PIC Vietnam

Go Back   PIC Vietnam > Robotics > Thực hành

Tài trợ cho PIC Vietnam
Trang chủ Đăng Kí Hỏi/Ðáp Thành Viên Lịch Tìm Kiếm Bài Trong Ngày Ðánh Dấu Ðã Ðọc Vi điều khiển

Thực hành Bắt đầu làm một robot như thế nào? Mẹo vặt? Kỹ thuật? Công nghệ?... Hãy bắt tay vào việc...

Ðiều Chỉnh Xếp Bài
Prev Previous Post   Next Post Next
Old 01-11-2009, 04:10 AM   #1
Nhập môn đệ tử
Tham gia ngày: Oct 2009
Bài gửi: 5
Thanks: 9
Thanked 0 Times in 0 Posts
help dịch tài liệu từ tiếng anh

bác f giúp em dịch tài liệu này với

How to start a cool* robot for approx $85

This is cool* because:

* The electronics used are ”real parts” (not little homemade things that wont really work unless you spend hours of tweaking, and not a kit that you just assemble and that´s it).
* It is EASY to do the basics, you have a robot within one hour!
* You can evolve from here, even with the same parts (if you can bare to take your robot apart).
* It is cheap.
* This is serious, but fun. This is the coolest Robot-beginners-project in any way, end of story!

Links are just where I happened to find the items from a world wide web perspective. You can use any (web) shop you'd like, of course. Please see this page for "where to get Picaxe"

Prices are approx. As far as possible, try to get it all from the same shop, and from a shop located in your own country etc to get the best deals and faster deliverance etc.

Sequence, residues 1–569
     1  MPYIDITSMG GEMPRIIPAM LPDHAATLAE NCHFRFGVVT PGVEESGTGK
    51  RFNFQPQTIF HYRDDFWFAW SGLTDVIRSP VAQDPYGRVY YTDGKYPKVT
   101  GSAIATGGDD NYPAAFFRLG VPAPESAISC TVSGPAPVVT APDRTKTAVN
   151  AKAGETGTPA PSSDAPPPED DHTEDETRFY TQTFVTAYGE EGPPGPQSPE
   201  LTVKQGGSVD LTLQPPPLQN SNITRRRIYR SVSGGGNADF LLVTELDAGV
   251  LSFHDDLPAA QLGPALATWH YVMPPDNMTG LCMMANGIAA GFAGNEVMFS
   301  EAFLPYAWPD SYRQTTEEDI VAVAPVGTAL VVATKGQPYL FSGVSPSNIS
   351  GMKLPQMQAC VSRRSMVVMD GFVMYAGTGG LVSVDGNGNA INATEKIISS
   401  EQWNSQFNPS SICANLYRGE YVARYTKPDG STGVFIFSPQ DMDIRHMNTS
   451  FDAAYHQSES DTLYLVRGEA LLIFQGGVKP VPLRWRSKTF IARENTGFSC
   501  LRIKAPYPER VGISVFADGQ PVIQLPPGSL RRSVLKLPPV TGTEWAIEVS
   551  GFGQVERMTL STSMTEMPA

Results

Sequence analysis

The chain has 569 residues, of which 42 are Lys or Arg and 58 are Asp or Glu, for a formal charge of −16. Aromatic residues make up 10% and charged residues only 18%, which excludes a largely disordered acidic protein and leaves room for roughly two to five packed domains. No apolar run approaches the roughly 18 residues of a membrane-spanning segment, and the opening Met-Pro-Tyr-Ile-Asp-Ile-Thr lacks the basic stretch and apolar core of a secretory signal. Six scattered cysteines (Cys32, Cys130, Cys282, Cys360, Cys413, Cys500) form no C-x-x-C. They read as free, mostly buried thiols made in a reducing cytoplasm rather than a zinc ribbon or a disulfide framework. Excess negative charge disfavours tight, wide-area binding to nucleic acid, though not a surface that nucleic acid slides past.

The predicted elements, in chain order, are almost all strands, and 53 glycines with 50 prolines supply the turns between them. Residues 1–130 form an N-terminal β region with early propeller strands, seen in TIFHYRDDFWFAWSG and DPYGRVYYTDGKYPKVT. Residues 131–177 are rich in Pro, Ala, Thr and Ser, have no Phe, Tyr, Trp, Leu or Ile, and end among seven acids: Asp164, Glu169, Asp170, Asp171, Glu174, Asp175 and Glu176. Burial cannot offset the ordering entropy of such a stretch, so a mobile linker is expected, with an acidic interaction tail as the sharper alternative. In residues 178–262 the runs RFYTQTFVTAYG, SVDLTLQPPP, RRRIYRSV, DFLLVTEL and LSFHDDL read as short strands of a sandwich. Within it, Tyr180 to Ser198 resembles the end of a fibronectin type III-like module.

1 PICAXE-28X1 Starter Pack
The 28 pin project board in this package is like a game of Mario Bros; Fun and full of extras and hidden features, making you want to play over and again. This includes the main brain, the PICAXE-28X1.

This is a little expansive, but it is only the first time I recommend you to get this, it includes a lot of nice basic stuff, you get a CD-ROM with lots of manuals, cables, a board, the Microprocessor etc. Actually it is EXTREMELY cheap. Similar packages cost up to 10 times this price!

Be sure to get the USB-version, images in the shops may not match, and show a serial-cable when you are ordering a USB. When buying the USB-version, it is not necessary to get the USB-cable as an extra item, even though it is also sold separately.

You can get it here

Once you have bought this one time, just buy a new board and accomplishing Microcontroller for future projects, much cheaper, you are a Robot-builder with all the basics done.
To connect things smooth, you may also want to invest in a lot of female to female jumpers like these. I recomend getting a lot, and I recomend it strongly. However it is not nessecary to build this. But they are so nice to have.

1 L293D Motor Driver

The name says it all, more about this chip later

You can get it here

1 PICAXE Servo Upgrade Pack
-An easy way to get a servo topped with some small parts needed for this project.

You can also get any standard servo, the pins shown on the image, and a single 330 Ohm resistor instead of the yellow chip, if you should wish.

You can get the full package here

What is a Servo?
A Servo is a cornerstone in most robotic appliances. To put it short it is a little box with wires to it, and an axle that can turn some 200 degrees. on this axle you can mount a disc or some other peripheral that comes with the servo.

The 3 wires are: 2 for power, and one for signal.

The signal-wire goes to something that controls a servo, in this case that is the microcontroller.